Hailing India for keeping “neutral stand” over the South China Sea issue despite pressure from the US and Japan, state-run Chinese media today said there are some contradictions and frictions between the two nations but the overall bilateral relations have been developing smoothly.
“When it comes to security, after the final award of the South China Sea arbitration was announced, the Indian government has kept a neutral stance despite the pressure from Washington and Tokyo,” an article in the state-run Global Times said.
Calling for “solid step forward” to improve relations, the article said “admittedly, there are some contradictions and frictions between China and India, but the overall bilateral relations have been developing smoothly”.
It also flayed Indian media for “going too far” to blame China for blocking India’s membership in the Nuclear Suppliers Group and linking last week’s Chinese Foreign Minister Wang Yi’s visit to India to the South China Sea issue.
“Indian media has spared no effort in linking Wang’s visit to the South China Sea issue and the country’s failure in joining the Nuclear Suppliers Group (NSG),” it said.
Last month an international tribunal struck down China’s claims over the South China Sea based on historic rights, pushing Beijing on the back foot in its maritime dispute with the Philippines, Vietnam, Malaysia, Brunei and Taiwan over the area.
“Regarding the NSG case, Indian media has gone too far, for it is not at all a problem between Beijing and New Delhi. It was the US, not China, who made the relevant rules for NSG membership, and India failed to meet the criteria of entering the club. A dozen NSG members are now opposing India’s bid, thus, it does not make sense for Indian media to point an accusing finger at China,” it said.
“The two nations may have discussed the issue during Wang’s visit, and it is possible for both sides to clarify their own ideas, stances and policies over the matter. But the conjecture that Wang was trying to win India’s support over the South China Sea by helping New Delhi with the NSG membership doesn’t make sense at all,” it said.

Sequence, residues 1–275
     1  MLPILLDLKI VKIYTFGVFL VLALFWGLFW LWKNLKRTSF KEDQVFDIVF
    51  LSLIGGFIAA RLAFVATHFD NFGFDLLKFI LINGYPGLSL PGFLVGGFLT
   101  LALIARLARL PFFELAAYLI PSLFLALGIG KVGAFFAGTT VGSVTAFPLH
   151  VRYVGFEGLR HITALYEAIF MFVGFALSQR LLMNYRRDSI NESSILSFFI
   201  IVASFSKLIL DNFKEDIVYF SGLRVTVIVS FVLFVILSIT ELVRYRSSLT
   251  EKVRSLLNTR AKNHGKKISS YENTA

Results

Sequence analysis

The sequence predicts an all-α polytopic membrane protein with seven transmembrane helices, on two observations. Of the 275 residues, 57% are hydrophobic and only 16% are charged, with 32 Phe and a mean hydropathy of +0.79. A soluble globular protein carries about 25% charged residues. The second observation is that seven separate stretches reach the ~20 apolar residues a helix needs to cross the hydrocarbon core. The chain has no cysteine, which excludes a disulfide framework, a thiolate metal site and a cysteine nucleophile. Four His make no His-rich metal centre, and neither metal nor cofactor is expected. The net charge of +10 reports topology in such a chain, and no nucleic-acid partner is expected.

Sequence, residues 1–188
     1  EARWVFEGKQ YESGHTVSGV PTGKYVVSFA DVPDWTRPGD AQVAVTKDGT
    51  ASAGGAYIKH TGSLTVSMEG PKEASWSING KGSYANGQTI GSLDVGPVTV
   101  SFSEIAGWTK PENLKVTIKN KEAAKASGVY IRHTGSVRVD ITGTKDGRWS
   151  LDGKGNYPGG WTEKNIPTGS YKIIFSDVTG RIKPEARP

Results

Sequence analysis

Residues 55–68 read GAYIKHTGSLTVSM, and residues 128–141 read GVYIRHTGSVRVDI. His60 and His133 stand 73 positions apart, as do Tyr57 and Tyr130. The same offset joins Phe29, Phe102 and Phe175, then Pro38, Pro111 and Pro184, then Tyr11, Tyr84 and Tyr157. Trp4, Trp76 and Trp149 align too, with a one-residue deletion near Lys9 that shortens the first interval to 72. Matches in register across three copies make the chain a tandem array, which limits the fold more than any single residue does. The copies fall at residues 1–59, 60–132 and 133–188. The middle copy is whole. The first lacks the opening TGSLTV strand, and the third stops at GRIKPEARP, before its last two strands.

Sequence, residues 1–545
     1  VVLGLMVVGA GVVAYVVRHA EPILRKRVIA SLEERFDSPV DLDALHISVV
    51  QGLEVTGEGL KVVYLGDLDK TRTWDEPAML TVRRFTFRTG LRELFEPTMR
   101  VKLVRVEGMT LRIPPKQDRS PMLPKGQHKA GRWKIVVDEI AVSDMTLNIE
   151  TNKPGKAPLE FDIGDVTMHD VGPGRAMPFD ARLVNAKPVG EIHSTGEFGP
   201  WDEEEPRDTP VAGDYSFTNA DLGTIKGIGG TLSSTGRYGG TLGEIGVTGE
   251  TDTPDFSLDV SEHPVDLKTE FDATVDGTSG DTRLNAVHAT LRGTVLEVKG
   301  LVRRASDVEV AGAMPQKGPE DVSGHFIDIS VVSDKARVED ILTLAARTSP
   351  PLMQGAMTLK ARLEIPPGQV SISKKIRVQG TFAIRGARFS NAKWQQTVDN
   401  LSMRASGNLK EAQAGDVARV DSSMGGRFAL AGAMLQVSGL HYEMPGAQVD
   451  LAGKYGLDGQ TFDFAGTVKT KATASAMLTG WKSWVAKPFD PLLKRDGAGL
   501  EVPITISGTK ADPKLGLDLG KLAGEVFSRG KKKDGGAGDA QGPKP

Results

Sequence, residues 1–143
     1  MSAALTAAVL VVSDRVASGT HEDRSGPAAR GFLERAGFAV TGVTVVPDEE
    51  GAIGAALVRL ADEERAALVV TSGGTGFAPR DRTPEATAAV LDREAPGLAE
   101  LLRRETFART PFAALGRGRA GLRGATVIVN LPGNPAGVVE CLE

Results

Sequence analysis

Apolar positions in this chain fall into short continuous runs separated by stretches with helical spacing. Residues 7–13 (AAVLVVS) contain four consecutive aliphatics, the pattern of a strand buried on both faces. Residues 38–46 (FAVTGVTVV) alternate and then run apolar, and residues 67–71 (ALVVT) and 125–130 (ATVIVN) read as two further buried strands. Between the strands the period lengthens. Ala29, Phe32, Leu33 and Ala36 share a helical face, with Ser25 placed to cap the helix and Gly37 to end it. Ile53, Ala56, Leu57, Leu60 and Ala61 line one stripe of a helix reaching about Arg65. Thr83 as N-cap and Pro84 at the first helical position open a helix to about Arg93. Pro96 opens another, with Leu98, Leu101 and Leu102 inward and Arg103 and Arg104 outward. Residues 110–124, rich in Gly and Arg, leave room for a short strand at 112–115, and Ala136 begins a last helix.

This is the second article in as many days by the daily to criticise Indian media. On August 15, another article blamed the Indian media for “stirring up negative sentiments” against China by highlighting the divergences in the bilateral ties.
“During the Wang’s visit the two sides may have also discussed how to further promote a closer partnership, which was raised during Chinese President Xi Jinping’s visit,” the article said.
“For the moment, when we talk about Sino-India ties, we tend to use the phrase ‘relations are generally stable without major conflicts’. Yet this should not be the highest expectation we hold for the relationship,” it said.
“Beijing and New Delhi have raised hopes for economic and trade cooperation, but turning them into reality requires wider consensus and more consultations,” it said.
Acknowledging problems in the bilateral collaboration on economic and trade issues which “used to be one of the most positive parts of the bilateral relations, it said “joint works in this regard have not been going smoothly in recent years”.
“Apart from the sluggish global economy, a major problem remains hard to resolve - India’s growing trade deficit with China. Indian products are not competitive and New Delhi complains that Chinese markets are not open enough. Due to the remaining divergences, no good solution has yet been found,” it said.
“In 2014, China promised to invest USD 20 billion in India over the next five years. How is this project going? No official figures have been revealed, and no information over major programs in this regard has been heard either over the past two years,” it said.
Meanwhile, there is also no real progress on the Beijing-raised Bangladesh-China-India-Myanmar Economic Corridor, which is a vital part of the 21st Century Maritime Silk Road.
Numerous reasons can be listed, including political changes and social turmoil in Myanmar, it said.“More significantly, New Delhi has kept a negative attitude toward the initiative. It does not mean that India is not welcoming China’s investment. Yet, given the nation’s strategic interests, it does not fully trust China because part of the project goes through sensitive regions in India. China will hence listen to New Delhi’s concerns and keep promoting the plan,” it said.
“That said, taking a solid step forward over bilateral joint works that can bring mutual benefit is a crucial part of discussions not only during Wang’s meetings in India, but also in the future,” it said.“We should not focus on the obstacles, but attach more importance to collaboration with mutual benefits. Due to some long-standing problems, such as territorial disputes, it might be hard for China and India to become true friends, but turning into enemies will not serve anyone’s interests,” it said.
As the two largest emerging powers in Asia, if China and India can enhance their friendly ties, and have more cooperation on international issues such as carbon emission reduction, reforming the World Bank and the International Monetary Fund, the two countries can share more mutual profits, it said.